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Discussion Starter #1
Hey.
I just bought a 95 XCR 600 triple. When I go to start it, it usually will fire right up on the first or second pull. After about 1-2 seconds of idling, it stalls out, and floods. Pull the plugs, they're wet, dry them off or change plugs and she's a real b**ch to get going again. Any ideas?

I put new plugs, new fuel, syncd the carbs.

Thanks.
 

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Do you know what carb specs you are running? Most importantly the pilot jet?
 

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You have a piston port triple flooding it's self out when it runs.
Clearly a carb problem.

Take them off, remove main jets, pilots, and needles.
Cleen these with carb cleaner or replace them.
Remove the needles and seats and replace them.

Take the disassembled carbs and clean them or have them dunked in a carb cleaner and blown out.
You will probably have to replace the float bowl gaskets in the process.
All in all, it is going to probably cost you less that a fifty spot up to here and your motor will thank you for it.

Had the previous owner done his pre and post season maintenence, you would probably not be having these issues, so you had better go the rest of the way with the pre-season work and change your chaincase oil, greese everything up, check your track allignment, You already changed out the bad gas. Look at how much brake pad you have left and replace if needed.
Check ski allignment, condition of your belt, and clutch allignment/condition, and this should all help to give you a reletively trouble free season of fun.

If you are not comfortable with all of this, most shops have a pre-season maintenence service in the $150 - $250 range depending on what parts you need and all.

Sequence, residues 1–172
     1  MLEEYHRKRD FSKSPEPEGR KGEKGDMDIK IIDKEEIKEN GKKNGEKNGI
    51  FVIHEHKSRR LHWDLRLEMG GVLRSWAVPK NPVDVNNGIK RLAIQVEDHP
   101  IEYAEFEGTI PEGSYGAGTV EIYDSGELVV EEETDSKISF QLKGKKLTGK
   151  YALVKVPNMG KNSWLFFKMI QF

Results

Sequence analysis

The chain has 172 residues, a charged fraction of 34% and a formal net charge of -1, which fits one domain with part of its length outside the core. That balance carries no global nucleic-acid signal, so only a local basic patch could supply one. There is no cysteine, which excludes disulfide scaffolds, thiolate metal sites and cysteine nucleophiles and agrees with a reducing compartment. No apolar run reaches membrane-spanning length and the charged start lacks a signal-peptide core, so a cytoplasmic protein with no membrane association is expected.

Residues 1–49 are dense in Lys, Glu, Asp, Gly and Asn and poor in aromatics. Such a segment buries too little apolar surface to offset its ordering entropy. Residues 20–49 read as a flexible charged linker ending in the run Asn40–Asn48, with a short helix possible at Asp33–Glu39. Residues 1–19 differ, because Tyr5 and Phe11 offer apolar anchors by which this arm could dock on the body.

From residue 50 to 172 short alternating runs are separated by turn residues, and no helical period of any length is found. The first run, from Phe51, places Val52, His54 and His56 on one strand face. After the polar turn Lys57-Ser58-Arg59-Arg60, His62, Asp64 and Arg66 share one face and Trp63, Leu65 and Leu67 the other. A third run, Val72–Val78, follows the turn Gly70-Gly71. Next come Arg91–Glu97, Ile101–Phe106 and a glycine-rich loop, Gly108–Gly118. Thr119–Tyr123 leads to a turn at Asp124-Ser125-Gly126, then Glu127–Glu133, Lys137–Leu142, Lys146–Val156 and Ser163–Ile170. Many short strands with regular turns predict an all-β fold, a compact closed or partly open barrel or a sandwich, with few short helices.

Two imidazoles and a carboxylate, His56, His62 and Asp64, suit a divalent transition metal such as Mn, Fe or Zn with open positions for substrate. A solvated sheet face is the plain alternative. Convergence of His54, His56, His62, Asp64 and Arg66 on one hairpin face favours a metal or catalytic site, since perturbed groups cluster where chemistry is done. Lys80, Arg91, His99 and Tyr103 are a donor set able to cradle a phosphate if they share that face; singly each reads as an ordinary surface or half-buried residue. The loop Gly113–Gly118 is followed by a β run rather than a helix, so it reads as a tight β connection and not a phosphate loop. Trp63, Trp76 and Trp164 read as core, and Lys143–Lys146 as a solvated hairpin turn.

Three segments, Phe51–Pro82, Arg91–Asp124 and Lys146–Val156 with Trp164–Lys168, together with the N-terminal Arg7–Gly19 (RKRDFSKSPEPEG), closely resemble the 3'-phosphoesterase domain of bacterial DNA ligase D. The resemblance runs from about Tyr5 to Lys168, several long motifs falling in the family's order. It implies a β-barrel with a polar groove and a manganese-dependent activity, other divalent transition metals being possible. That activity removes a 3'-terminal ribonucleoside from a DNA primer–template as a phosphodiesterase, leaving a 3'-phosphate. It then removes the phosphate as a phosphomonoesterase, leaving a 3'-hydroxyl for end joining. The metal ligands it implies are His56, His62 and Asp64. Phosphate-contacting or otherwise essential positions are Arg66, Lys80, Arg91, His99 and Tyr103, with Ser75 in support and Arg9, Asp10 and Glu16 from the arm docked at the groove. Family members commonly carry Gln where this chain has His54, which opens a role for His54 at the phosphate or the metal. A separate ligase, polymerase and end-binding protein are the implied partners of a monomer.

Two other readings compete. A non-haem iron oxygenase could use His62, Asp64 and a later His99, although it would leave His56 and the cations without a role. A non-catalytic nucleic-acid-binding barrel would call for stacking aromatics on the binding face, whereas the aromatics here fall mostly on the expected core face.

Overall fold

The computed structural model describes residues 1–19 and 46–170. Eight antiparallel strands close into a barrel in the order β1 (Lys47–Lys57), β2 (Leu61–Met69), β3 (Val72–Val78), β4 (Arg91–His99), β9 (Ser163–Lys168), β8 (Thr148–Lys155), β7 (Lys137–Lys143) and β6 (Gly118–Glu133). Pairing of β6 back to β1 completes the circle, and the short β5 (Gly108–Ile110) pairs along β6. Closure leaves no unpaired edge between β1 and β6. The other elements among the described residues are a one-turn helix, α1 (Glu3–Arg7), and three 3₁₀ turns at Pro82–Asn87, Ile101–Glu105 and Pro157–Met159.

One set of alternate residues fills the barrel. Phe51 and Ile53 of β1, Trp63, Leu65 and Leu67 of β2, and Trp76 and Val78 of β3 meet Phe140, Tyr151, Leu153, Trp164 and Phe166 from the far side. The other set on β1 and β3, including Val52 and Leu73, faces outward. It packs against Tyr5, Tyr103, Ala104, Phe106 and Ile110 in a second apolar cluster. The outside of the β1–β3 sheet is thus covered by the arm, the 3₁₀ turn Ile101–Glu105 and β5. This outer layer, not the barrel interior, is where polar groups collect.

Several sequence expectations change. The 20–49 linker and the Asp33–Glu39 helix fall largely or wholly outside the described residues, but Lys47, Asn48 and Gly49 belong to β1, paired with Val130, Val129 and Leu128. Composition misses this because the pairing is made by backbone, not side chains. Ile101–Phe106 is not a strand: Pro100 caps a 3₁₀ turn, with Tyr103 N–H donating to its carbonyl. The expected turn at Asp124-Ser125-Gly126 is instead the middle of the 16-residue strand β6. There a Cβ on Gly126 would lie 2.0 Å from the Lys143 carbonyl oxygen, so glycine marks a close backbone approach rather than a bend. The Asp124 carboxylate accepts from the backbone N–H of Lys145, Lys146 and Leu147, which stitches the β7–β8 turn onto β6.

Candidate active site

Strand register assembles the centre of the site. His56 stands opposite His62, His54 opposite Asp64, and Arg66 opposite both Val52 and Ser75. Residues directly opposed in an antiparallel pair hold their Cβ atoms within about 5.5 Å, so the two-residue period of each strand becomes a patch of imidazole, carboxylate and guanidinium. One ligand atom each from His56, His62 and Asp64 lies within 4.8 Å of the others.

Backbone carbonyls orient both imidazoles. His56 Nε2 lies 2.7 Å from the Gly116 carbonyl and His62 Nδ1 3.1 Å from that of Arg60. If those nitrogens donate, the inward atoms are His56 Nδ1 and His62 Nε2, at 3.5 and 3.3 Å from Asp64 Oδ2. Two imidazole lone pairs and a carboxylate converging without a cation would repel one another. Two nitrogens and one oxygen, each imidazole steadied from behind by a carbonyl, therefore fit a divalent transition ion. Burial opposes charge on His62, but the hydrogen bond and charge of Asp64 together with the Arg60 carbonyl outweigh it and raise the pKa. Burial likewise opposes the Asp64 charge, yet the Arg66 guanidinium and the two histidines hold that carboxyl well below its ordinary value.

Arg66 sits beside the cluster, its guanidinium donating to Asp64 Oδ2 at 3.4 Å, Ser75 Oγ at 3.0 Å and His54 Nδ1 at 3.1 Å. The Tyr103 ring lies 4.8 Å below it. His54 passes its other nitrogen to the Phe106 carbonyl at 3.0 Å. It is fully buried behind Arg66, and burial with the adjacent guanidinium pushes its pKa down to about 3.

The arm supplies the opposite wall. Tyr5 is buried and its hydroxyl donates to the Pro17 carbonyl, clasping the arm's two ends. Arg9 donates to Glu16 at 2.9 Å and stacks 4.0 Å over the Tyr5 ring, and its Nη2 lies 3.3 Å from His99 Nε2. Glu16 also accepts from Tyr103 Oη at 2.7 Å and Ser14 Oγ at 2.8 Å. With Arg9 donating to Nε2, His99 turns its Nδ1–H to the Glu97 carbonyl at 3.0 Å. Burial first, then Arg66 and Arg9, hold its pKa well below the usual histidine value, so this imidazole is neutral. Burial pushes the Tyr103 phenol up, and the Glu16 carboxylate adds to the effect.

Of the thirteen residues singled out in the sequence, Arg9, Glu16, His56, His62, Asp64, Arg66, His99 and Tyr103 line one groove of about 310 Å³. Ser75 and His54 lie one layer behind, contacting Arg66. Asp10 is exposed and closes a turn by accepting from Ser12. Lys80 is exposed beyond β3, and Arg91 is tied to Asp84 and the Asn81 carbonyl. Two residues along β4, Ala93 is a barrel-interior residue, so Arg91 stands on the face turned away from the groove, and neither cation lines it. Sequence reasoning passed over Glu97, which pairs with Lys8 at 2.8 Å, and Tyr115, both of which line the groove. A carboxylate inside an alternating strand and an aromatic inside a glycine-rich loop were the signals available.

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^^^^^^^ Student Driver hit the nail on the head. Id be willing to bet my lunch that after you do all that youll have a great running sled. Check the bearings in the wheels also since they are pretty cheap to replace. Do a quick search here for Carb cleaning as there are a couple nice writeups with pics included.
 

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Discussion Starter #5
Thanks guys. I was kind of thinking needles and seats and a good cleaning. I was dumb and took the guys word for it that he had cleaned the carbs last season. Anything else I should look for while I have it apart?
 

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Originally posted by elan man
[br]Thanks guys. I was kind of thinking needles and seats and a good cleaning. I was dumb and took the guys word for it that he had cleaned the carbs last season. Anything else I should look for while I have it apart?
I'm sort of doubting the needles and seats are bad, simply because typically they cause the sled to start extremely hard. But it could be a contributing factor I guess.
 

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also could have gum in the fuel pump ,on extreme case have put small inline filters to each carb ,nothing like cleaning your'e carbs after riding for 5 minutes ,get pulled back home ,only to pull carbs,and find them full of what i call floaties
 

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Do a compression check too.
Maybe do that 1st just to make sure.

All 3 holes should be fairly even and some where in the 115 to 135 pound range I'd imagine.